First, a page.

Going Direct: Roy Halladay, Risk And The Calculus Behind It

Those of us who’ve been immersed in aviation for any length of time know what it is to lose someone you know to an airplane crash. It sucks, and there’s no getting around it. The thought that they died doing what they loved to do is little consolation, especially since it’s not true. Flying is what they loved to do, not crashing.

The death of Roy “Doc” Halladay in an Icon A5 on Tuesday was a punch to the gut for pilots who know what it’s like to lose someone close to you. I never met the pitcher, who’s a good bet to make the Baseball Hall of Fame when he becomes eligible for that honor in 2019, if that date isn’t moved up following his tragic death. But I’m a baseball fan, and I hated Halladay, because, as a pitcher for the Toronto Blue Jays for many years, he was the nemesis of my favorite team, the Boston Red Sox. I hated it when we went up against him because I knew our chances of winning weren’t very good. So the truth is, just like I hated Derek Jeter of the Yankees and Cal Ripken Jr. of the Orioles, the hate was the deepest expression of appreciation and respect there is in baseball. He was a great pitcher.

Irrespective of his baseball talent, it’s sad to see him, or anyone, die in a crash. And to be gone so young, and to be gone in a way that was mostly likely totally preventable. It’s wrong on every level.

As grownups, we know we won’t live forever. We just want to be a lot older when we do go and to have had some amazing experiences along the way. So every time we go flying we’re accepting a level of risk that, like it or not, is many times greater than the one we accepted when we hopped in the pickup truck and drove to the airport. That’s just a fact. Of course, smart pilots do what they can to minimize the risk, but it’s still there, and pretending it’s not is a mistake. Number one, it won’t keep you from crashing if things go really bad, and, two, the attitude will make it far more likely that you will crash because you’ll take risks you otherwise wouldn’t.

I’m not saying that we all need to fly smack dab in the middle of the envelope all the time. I don’t. I love flying off of small grass strips, flying homebuilt airplanes, flying formation and tooling around in antiques, too. All of these activities ratchet up the risk, and I accept that as part of the deal, sure. But I also do everything I can to minimize the risk that I can mitigate.

That means being conservative with what risks you do accept and which risks you leave on the table. I recently went paragliding for the first time, and I’ll do it again. Is there risk involved with that activity? You bet, but I accept it and am educating myself as fast as I can and as best I can about what the nature of that risk is and how I manage it. Wingsuit flying, on the other hand, is right out. I’m happy that people love to do it, but the risk is too great for me. If I die of old age never having gone wingsuit flying, I’ll be okay. That’s my call. And that calculus will change from person to person, and there’s nothing wrong with that, so long as the pilot understands the risk and knows how to minimize it.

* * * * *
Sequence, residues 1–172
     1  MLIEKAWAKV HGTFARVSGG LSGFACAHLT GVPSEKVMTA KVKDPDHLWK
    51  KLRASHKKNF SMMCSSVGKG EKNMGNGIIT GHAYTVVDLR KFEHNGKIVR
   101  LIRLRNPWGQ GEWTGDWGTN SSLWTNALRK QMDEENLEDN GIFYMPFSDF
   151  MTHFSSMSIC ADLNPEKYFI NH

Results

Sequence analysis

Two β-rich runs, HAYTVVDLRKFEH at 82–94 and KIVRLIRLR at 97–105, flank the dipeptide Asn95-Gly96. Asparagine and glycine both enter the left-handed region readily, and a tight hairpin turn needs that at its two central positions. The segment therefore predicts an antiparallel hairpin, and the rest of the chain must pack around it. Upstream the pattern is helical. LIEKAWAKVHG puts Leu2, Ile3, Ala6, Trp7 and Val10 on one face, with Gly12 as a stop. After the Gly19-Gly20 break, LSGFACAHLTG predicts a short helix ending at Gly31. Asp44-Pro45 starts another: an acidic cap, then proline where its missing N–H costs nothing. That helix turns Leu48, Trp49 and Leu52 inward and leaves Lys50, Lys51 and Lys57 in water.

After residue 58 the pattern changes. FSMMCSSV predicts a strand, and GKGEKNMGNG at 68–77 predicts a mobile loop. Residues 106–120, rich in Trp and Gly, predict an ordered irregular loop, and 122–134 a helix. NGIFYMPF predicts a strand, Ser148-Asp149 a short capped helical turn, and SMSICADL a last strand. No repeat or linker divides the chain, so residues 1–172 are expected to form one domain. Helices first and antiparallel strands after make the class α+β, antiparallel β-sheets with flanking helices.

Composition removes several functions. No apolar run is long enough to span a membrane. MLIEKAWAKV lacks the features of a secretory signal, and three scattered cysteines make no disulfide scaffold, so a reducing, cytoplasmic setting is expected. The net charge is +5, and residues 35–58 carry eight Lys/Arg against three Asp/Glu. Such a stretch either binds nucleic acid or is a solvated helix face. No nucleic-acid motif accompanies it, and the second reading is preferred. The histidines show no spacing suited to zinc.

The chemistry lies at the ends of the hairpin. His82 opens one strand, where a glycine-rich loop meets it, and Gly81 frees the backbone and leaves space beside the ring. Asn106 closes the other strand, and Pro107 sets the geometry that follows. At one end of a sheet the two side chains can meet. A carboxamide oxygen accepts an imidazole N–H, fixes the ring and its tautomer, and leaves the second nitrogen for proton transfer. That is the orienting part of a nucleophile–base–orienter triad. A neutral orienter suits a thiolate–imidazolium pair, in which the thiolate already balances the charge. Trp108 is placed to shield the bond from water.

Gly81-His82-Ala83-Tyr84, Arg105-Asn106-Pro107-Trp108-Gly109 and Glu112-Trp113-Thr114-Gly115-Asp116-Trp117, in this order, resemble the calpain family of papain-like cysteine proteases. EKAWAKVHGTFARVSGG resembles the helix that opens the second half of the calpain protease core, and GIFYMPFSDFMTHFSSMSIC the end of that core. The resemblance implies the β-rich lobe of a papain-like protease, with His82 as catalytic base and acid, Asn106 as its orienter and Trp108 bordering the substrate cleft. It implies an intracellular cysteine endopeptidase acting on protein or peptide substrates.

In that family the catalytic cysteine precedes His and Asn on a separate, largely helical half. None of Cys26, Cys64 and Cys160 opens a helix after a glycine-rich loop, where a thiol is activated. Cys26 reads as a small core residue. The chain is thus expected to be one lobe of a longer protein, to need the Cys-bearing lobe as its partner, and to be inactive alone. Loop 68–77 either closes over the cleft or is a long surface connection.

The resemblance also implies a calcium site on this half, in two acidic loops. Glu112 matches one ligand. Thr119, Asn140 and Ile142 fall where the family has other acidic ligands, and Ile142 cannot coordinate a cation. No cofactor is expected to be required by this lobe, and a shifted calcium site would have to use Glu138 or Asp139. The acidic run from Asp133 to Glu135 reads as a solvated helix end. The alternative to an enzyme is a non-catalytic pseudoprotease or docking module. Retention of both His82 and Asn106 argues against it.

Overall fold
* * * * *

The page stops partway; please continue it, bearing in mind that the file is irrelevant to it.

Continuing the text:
What does all of this have to do with the tragic loss of Roy Halladay on Tuesday? Nothing...and everything. I don’t know the details of the crash and I wouldn’t presume to speculate on them. But I do know that the horrible news got me thinking about the risks I take and am planning to take as a pilot, and it’s made me even more committed to learning as much as I can about every kind of flying I commit myself to. Will it keep me perfectly safe? Of course not. Hopefully it will keep me as safe as possible, and if it doesn’t, the conclusion is either “my bad” or “those are the breaks.”

That, like it or not, is the deal we all accept every time we going flying.

If you want more commentary on all things aviation, go to our Going Direct blog archive.

7 thoughts on “Going Direct: Roy Halladay, Risk And The Calculus Behind It

  1. Saying you ‘hated’ Doc Halladay is a very strong word and only because he was so accomplished at his profession. Just ‘saying’.
    May he RIP

  2. Excellent commentary. It takes time and flying maturity to assess and mitigate the risks associated with ones’ style of flying. It has been my observation that the potential consequences are not adequately assessed. It took me quite awhile to recognize that should I perish as a result of a flying accident, the aftermath to my family would be severe both financially and not being there for them. Insurance helps to mitigate the financial impacts but there is not much mitigation for not being around anymore. I’m much more conservative in my flying now than I was 20 years ago.